/** input parameters */
};
const command = new CreateBudgetCommand(params);

Async/await

We recommend using await operator to wait for the promise returned by send operation as follows:

// async/await.
try {
  const data = await client.send(command);
  // process data.
} catch (error) {
  // error handling.
} finally {
  // finally.
}

Async-await is clean, concise, intuitive, easy to debug and has better error handling as compared to using Promise chains or callbacks.

Promises

You can also use Promise chaining to execute send operation.

client.send(command).then(
  (data) => {
    // process data.
  },
  (error) => {
    // error handling.
  }
);

Promises can also be called using .catch() and .finally() as follows:

client
  .send(command)
  .then((data) => {
    // process data.
  })
  .catch((error) => {
    // error handling.
  })
  .finally(() => {
    // finally.
  });

Callbacks

We do not recommend using callbacks because of callback hell, but they are supported by the send operation.

// callbacks.
client.send(command, (err, data) => {
  // process err and data.
});

v2 compatible style

The client can also send requests using v2 compatible style. However, it results in a bigger bundle size and may be dropped in next major version. More details in the blog post on modular packages in AWS SDK for JavaScript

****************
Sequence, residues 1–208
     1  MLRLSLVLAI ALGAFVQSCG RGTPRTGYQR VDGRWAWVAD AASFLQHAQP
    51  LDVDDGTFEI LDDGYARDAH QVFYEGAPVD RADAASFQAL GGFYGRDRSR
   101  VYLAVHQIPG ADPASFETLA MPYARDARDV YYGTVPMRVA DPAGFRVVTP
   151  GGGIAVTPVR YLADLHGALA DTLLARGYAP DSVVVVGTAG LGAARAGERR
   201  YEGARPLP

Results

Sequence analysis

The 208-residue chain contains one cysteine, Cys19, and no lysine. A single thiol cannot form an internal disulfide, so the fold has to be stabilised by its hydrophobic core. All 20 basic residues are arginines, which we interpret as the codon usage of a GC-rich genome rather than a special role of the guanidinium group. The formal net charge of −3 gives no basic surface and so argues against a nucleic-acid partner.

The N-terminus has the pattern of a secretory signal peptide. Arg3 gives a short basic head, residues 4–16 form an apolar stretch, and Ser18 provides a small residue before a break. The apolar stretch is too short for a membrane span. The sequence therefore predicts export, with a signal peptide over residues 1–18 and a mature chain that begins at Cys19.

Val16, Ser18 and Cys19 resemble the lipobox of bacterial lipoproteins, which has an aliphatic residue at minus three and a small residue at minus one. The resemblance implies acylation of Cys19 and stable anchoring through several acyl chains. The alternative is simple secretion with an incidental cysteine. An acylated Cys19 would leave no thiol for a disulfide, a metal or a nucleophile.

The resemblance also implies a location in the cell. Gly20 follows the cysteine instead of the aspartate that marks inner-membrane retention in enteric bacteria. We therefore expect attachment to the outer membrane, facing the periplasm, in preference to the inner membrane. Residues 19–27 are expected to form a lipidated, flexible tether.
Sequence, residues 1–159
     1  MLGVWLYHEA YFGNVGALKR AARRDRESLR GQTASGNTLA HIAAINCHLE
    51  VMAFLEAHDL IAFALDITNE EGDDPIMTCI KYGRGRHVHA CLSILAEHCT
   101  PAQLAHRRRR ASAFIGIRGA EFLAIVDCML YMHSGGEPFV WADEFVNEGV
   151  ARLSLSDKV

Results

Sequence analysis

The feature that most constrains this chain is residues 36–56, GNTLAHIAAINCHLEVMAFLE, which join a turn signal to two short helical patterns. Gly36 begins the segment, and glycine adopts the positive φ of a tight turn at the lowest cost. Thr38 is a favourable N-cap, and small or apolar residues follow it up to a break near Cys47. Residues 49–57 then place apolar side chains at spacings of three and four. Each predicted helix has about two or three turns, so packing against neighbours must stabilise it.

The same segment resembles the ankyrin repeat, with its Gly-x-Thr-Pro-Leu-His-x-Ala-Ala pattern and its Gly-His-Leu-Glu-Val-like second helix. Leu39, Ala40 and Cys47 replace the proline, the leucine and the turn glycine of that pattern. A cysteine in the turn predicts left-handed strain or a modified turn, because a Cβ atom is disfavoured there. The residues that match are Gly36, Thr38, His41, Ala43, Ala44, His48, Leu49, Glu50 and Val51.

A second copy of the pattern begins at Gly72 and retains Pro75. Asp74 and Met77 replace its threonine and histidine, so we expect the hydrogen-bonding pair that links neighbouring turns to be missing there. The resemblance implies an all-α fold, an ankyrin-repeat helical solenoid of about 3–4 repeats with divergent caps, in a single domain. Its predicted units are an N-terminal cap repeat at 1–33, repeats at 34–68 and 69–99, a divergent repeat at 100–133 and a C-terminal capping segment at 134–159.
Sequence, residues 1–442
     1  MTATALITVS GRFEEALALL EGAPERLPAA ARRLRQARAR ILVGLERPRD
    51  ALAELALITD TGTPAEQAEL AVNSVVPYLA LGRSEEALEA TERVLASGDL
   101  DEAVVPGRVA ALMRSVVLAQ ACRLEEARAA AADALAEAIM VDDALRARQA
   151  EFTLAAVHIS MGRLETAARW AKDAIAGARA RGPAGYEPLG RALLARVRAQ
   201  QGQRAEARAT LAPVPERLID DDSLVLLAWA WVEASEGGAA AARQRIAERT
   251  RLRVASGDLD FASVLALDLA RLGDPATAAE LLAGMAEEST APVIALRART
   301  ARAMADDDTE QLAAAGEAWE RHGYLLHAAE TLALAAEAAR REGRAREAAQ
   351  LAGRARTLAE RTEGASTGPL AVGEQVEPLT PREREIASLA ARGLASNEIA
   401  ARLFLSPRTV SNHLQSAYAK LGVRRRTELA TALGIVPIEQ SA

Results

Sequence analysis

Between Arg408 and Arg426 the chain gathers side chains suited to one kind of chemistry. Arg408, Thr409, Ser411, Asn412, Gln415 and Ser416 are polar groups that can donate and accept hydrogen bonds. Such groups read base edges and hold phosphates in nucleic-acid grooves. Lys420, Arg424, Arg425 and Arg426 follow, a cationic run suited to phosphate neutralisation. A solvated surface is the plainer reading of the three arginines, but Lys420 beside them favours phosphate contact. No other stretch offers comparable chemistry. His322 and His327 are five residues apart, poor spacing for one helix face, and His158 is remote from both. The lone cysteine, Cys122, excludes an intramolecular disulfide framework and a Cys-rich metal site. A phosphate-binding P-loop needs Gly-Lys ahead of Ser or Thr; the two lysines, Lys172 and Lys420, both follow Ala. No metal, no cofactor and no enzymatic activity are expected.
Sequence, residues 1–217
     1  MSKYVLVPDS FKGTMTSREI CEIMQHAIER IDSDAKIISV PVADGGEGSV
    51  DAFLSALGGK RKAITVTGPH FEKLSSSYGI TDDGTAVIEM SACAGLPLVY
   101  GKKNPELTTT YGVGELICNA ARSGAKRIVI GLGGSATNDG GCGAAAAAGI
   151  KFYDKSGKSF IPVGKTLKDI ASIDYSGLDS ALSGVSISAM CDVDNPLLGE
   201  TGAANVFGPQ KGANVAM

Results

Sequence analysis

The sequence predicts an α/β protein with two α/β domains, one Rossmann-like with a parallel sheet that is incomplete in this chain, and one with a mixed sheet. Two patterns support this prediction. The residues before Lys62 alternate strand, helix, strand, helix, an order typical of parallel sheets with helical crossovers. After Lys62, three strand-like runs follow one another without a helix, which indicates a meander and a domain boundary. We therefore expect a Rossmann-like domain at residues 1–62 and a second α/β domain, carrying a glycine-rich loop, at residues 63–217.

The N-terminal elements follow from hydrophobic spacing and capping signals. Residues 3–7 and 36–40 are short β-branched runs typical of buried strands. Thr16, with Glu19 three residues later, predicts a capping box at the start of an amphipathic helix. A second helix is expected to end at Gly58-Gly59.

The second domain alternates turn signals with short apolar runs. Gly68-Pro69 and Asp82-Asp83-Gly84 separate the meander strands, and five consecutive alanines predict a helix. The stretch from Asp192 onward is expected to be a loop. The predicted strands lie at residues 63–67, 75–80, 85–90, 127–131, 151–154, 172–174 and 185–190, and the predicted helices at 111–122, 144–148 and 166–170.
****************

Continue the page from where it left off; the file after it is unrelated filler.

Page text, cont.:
import * as AWS from "@aws-sdk/client-budgets";
const client = new AWS.Budgets({ region: "REGION" });

// async/await.
try {
  const data = await client.createBudget(params);
  // process data.
} catch (error) {
  // error handling.
}

// Promises.
client
  .createBudget(params)
  .then((data) => {
    // process data.
  })
  .catch((error) => {
    // error handling.
  });

// callbacks.
client.createBudget(params, (err, data) => {
  // process err and data.
});

Troubleshooting

When the service returns an exception, the error will include the exception information, as well as response metadata (e.g. request id).

try {
  const data = await client.send(command);
  // process data.
} catch (error) {
  const { requestId, cfId, extendedRequestId } = error.$$metadata;
  console.log({ requestId, cfId, extendedRequestId });
  /**
   * The keys within exceptions are also parsed.
   * You can access them by specifying exception names:
   * if (error.name === 'SomeServiceException') {
   *     const value = error.specialKeyInException;
   * }
   */
}

Getting Help

Please use these community resources for getting help. We use the GitHub issues for tracking bugs and feature requests, but have limited bandwidth to address them.

To test your universal JavaScript code in Node.js, browser and react-native environments, visit our code samples repo.

Contributing

This client code is generated automatically. Any modifications will be overwritten the next time the @aws-sdk/client-budgets package is updated. To contribute to client you can check our generate clients scripts.

License

This SDK is distributed under the Apache License, Version 2.0, see LICENSE for more information.